Tuesday, August 11, 2009

Tuesday's Tips and Tricks-- Back to School

Top 10 Back to School Jitters and Easy Solutions
Are your kids coming down with a bad case of back to school jitters?

Here are our kid-tested cures for the top 10 school worries!

By: Kit Bennett and the Bennett kids

1. New Classmates
Your attitude is everything. Share from?your personal experience
of making new friends.
"A new room?of classmates is like going into a mansion
with several doors. Open each door and see what's inside.?
You may find a treasure of friend!"

2. New Teachers
Try to schedule a brief introduction time with?the teacher a few days
before school starts. Often just seeing the teacher and the room will ease concerns. Speak positively about the new class and the exciting year ahead. Your enthusiasm will give them positive outlook.

3. Being Prepared

Some children worry about having all of the supplies they need to get through the day. Enlist your child in?the planning for the first day of school?this gives a sense of control and independence. Organize supplies, clothing, lunch money and snacks the night before school to ensure a smoother start to the day.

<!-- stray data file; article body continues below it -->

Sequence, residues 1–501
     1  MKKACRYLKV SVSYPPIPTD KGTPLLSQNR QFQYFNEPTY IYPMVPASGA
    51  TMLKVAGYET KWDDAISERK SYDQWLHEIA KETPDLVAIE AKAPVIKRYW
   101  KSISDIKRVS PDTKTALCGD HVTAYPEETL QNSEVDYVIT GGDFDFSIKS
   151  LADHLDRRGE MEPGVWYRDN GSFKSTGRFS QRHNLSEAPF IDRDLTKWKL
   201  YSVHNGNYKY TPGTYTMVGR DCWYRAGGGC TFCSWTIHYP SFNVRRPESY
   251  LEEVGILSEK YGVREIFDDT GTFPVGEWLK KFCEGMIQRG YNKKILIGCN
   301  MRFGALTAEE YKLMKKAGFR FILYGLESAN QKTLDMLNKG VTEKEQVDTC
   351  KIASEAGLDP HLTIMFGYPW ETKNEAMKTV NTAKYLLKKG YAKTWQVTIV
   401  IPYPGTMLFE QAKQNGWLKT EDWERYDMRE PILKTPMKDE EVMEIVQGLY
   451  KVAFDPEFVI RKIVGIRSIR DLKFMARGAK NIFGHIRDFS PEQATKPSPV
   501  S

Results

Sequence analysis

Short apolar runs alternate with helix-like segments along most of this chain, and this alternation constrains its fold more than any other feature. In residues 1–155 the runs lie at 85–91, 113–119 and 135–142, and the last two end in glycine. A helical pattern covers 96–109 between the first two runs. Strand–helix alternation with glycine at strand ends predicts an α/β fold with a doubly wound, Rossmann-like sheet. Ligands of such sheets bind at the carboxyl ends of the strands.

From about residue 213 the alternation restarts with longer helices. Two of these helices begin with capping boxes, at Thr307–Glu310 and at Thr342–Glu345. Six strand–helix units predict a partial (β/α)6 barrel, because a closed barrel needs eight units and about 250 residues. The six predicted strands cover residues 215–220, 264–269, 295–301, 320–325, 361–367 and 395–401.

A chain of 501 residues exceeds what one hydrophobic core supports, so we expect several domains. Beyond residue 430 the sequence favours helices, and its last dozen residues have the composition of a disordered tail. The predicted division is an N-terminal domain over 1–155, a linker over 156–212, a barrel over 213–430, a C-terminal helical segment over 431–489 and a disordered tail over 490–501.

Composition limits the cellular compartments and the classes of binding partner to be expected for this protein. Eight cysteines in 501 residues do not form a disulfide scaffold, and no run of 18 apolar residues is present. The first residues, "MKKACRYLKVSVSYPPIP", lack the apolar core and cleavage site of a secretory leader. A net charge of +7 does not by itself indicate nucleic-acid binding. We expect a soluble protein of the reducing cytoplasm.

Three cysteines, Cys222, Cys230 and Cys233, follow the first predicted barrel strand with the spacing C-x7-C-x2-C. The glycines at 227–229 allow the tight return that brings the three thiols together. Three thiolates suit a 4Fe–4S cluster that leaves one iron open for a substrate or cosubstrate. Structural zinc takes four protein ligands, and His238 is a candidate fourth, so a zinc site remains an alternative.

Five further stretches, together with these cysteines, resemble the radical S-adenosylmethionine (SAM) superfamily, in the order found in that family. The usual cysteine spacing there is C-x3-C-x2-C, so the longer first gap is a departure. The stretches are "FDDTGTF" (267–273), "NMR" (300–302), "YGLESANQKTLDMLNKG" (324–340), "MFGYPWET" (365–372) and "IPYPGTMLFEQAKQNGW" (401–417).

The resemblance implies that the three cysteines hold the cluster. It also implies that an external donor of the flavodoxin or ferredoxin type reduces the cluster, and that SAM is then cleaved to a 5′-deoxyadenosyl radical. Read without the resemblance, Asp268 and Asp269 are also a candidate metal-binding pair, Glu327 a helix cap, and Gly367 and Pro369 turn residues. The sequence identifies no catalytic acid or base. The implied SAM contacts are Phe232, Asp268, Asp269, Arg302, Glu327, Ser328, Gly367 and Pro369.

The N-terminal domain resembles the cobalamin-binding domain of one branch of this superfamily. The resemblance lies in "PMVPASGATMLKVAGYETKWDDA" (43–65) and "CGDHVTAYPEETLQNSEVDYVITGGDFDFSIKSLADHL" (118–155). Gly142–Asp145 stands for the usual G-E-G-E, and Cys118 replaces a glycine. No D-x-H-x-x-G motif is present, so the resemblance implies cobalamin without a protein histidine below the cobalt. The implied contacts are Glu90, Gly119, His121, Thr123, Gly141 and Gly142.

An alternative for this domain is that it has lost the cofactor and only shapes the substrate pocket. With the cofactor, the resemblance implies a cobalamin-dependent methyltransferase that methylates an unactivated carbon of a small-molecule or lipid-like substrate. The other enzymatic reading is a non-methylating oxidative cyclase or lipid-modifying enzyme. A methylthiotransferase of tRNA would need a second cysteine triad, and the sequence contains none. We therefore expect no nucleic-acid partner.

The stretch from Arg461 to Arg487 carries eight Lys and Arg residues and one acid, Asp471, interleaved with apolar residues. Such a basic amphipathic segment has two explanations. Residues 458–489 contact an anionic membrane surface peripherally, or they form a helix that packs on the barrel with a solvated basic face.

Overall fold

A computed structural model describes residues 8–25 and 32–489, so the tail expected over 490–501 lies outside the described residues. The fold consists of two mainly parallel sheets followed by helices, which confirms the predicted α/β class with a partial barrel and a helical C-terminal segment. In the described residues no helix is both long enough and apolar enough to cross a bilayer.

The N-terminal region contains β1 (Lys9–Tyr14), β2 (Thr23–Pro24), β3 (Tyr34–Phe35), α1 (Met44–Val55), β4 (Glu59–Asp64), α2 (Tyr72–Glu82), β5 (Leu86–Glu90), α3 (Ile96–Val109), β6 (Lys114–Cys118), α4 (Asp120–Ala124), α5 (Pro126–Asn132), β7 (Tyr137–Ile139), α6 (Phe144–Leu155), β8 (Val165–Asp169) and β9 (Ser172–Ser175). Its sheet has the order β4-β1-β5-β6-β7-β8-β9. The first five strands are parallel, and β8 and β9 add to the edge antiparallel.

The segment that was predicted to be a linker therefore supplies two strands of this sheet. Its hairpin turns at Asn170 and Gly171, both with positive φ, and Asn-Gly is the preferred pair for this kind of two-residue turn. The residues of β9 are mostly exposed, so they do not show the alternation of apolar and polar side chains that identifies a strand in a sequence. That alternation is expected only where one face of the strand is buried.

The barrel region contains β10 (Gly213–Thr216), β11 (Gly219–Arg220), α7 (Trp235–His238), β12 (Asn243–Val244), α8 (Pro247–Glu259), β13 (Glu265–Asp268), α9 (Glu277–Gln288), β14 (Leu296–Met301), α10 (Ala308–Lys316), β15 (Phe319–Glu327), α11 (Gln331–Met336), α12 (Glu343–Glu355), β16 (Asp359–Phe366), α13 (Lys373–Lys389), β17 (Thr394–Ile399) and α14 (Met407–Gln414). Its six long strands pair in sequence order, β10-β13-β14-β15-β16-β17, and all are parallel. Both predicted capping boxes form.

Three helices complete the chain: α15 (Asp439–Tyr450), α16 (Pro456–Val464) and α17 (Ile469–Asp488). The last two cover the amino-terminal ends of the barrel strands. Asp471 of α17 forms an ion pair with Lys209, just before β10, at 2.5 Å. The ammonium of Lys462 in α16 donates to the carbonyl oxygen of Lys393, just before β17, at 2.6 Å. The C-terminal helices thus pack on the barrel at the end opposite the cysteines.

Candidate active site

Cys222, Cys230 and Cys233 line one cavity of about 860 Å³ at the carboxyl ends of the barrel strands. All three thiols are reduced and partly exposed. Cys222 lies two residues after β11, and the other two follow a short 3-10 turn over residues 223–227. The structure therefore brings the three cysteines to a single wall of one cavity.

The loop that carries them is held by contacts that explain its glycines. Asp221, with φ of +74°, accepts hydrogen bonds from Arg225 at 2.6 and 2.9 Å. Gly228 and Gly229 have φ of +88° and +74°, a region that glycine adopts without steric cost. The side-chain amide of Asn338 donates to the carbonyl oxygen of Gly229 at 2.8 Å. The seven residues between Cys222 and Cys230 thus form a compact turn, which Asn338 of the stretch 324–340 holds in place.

4. Getting Lost
It is extremely comforting for younger students to visit their new school ahead of time in order to see their new classroom, or walk down the school's hallways before the hustle and bustle of the first day. Many schools provide a day during registration or the week before. Call your school office to make arrangements.

5. The Bathroom
You can help by making sure your child knows where the bathrooms are located, how to take care of his/her bathroom needs independently (leave the zippers, snap leotards and more complicated jumpsuits in the drawer).
If your child expresses concern about meeting up with new,
or older children, help develop and practice brief responses to any comments or inquiries she might encounter. Practicing social situations ahead of time is always a great way to develop confidence and problem-solving skills.?

6.Making the Grade
Children can "stress-out" about the workload or the increasing level of difficulty of a new grade.?

Reminders of academic and or personality strengths are in order here.
Let your child know you and the teacher are there to assist and encourage their efforts. Being assured of parental support during successes as well as failures can aid a child's overall academic performance and develop trust.
Stress the importance of excellent efforts instead of grades,?